For those couples applying for an Immigrant Spouse Visa (CR-1 or IR-1) or a K-3 Visa, the marriage should already have taken place as the legal marriage acts as the foundation upon which the visa application is based.

That being stated, unlike Thailand, where marriage registration is a uniform process that essentially involves a trip to the local Amphur office for execution, in America the marriage procedures differ depending upon the state. Also, some states require the couple obtain a marriage license and wait a statutorily prescribed period before marriage. For the convenience of those reading this blog, here is a state by state list of rules regarding US marriage.

Blood Test and Marriage License Requirements by State

State Blood tests required Waiting period between applying for and receiving license How soon you can marry after receiving license When license expires
Alabama No None Immediately 30 days
Alaska No 3 days Immediately 3 months
Arizona No None Immediately 1 year
Arkansas No None Immediately No provision
California No None Immediately 90 days
Colorado No None Immediately 30 days
Connecticut Yes None Immediately 65 days
Delaware No None 24 hours; 96 hours if both spouses are nonresidents 30 days
District of Columbia Yes 3 days Immediately No provision
Florida No 3 days unless couple attends marriage preparation class Immediately 60 days
Georgia No None Immediately No provision
Hawaii No None Immediately 30 days
Idaho No None Immediately No provision
Illinois No None 1 day 60 days
Indiana Yes None Immediately 60 days
Iowa No 3 days Immediately No provision
Kansas No 3 days Immediately 6 months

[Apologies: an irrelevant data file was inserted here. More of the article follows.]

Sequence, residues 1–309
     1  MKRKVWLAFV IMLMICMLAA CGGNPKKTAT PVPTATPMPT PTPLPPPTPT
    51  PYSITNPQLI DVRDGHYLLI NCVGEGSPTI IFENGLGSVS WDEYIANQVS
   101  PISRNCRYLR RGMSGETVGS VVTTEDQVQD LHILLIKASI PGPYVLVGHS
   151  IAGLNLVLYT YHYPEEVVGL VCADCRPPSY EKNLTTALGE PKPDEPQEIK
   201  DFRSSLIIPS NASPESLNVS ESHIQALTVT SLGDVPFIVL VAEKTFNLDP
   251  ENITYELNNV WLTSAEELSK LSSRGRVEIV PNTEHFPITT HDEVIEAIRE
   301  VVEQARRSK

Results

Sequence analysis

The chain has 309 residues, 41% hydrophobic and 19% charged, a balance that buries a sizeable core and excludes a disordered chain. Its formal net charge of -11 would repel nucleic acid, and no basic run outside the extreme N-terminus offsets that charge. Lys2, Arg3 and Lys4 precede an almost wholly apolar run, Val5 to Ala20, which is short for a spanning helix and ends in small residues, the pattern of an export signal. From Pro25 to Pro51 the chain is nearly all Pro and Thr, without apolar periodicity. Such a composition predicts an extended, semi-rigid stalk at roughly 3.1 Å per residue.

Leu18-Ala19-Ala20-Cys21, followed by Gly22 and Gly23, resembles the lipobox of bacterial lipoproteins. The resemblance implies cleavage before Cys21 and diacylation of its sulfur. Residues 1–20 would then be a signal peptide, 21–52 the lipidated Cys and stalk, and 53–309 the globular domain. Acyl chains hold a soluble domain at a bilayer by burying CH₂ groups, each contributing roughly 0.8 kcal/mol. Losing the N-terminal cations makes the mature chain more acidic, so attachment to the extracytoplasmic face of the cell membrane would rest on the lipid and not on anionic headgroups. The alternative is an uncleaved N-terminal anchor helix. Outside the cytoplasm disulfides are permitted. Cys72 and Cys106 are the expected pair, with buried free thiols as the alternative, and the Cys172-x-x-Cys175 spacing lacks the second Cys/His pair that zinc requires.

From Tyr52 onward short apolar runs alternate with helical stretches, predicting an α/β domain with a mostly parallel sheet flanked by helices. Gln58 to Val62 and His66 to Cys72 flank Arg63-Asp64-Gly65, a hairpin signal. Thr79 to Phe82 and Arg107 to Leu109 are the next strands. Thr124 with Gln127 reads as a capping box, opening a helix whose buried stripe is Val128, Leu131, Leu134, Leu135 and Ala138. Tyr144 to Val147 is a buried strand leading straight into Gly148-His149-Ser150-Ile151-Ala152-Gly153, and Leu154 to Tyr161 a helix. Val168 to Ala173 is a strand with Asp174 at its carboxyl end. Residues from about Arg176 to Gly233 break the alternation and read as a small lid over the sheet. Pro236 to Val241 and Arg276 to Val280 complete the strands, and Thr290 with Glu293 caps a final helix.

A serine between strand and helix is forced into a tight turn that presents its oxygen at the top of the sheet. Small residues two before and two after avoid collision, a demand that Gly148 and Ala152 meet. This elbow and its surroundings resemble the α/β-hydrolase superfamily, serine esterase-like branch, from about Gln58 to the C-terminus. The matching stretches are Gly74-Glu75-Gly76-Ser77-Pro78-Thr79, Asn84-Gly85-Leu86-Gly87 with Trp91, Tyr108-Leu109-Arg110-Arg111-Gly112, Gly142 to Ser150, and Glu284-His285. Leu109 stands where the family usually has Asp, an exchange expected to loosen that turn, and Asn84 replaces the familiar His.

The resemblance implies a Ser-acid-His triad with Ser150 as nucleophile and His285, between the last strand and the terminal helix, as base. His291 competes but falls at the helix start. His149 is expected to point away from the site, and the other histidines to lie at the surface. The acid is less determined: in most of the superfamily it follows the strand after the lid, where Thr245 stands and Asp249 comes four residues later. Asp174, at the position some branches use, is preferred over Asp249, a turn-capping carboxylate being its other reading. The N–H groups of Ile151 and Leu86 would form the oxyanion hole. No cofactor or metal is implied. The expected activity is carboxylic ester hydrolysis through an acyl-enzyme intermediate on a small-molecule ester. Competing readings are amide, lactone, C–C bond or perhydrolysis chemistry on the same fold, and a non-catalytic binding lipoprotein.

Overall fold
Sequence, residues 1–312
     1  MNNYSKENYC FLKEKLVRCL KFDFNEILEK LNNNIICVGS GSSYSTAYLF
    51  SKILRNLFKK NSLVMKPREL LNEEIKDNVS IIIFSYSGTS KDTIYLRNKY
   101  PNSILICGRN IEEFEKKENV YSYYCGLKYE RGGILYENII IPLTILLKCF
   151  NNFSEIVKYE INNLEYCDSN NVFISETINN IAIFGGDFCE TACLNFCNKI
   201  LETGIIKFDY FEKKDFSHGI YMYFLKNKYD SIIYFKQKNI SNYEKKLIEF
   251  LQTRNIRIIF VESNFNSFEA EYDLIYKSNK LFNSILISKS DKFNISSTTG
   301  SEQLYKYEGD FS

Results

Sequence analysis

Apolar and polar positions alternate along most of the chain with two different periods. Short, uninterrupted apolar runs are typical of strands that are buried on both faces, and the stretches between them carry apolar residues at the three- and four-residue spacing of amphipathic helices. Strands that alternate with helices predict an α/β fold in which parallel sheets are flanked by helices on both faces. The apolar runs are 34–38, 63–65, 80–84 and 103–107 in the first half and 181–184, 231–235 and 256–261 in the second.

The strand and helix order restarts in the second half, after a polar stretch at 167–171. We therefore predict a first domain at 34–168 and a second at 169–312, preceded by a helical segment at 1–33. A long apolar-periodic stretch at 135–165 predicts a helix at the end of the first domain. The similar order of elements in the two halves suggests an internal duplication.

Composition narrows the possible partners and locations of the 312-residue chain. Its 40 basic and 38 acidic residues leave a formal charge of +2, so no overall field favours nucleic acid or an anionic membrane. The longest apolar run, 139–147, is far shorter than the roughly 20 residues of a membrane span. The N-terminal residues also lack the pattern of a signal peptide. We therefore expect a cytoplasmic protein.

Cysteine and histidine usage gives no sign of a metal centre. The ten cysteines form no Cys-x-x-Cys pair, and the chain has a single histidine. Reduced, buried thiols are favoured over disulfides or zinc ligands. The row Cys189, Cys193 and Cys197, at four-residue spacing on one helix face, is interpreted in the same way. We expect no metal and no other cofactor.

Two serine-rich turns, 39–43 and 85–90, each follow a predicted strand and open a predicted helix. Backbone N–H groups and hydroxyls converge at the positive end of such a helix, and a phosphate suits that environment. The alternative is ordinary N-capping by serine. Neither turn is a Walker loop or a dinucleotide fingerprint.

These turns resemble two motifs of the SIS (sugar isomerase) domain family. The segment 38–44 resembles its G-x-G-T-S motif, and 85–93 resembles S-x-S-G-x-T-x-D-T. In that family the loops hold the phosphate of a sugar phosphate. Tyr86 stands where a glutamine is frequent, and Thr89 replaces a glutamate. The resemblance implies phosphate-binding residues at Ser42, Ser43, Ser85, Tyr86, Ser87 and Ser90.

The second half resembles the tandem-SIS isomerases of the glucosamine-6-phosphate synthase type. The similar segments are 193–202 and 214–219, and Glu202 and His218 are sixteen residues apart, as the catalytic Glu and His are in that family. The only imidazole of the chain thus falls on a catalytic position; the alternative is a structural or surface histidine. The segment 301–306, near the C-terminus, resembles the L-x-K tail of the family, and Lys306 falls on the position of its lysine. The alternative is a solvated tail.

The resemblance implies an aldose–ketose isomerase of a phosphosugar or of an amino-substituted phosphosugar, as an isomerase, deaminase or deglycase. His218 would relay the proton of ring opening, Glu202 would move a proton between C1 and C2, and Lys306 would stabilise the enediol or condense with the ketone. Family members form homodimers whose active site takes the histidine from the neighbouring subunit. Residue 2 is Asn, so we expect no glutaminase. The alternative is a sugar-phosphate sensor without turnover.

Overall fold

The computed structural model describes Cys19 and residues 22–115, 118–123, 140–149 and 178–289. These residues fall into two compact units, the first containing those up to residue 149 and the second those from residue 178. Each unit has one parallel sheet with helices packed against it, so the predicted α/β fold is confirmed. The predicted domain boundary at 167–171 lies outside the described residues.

Kentucky No None Immediately 30 days
Louisiana No None 3 days 30 days
Maine No 3 days Immediately 90 days
Maryland No None 2 days 6 months
Massachusetts Yes 3 days Immediately 60 days
Michigan No 3 days Immediately 33 days
Minnesota No 5 days Immediately 6 months
Mississippi Yes 3 days Immediately No provision
Missouri No 3 days Immediately 30 days
Montana Yes None Immediately 180 days
Nebraska No None Immediately 1 year
Nevada No None Immediately 1 year
New Hampshire No 3 days Immediately 90 days
New Jersey No 72 hours Immediately 30 days
New Mexico No None Immediately No provision
New York No None 24 hours 60 days
North Carolina No None Immediately 60 days
North Dakota No None Immediately 60 days
Ohio No None Immediately 60 days
Oklahoma Yes None Immediately 30 days
Oregon No 3 days Immediately 60 days
Pennsylvania No 3 days Immediately 60 days
Rhode Island No None Immediately 3 months
South Carolina No 24 hours Immediately No provision
South Dakota No None Immediately 20 days
Tennessee No None Immediately 30 days
Texas No None 3 days 31 days
Utah No None Immediately 30 days
Vermont No None Immediately 60 days
Virginia No None Immediately 60 days
Washington No 3 days Immediately 60 days
West Virginia No None Immediately 60 days
Wisconsin No 5 days Immediately 30 days
Wyoming No None Immediately No provision

One should bear in mind that upon marriage in the USA, the US Citizen should petition for adjustment of status for his new Thai wife.

For more about the above chart please click here

Please be advised that the above is an improper substitute for personal one-to-one legal advice from an attorney. No attorney client relationship is formed between the reader and the author.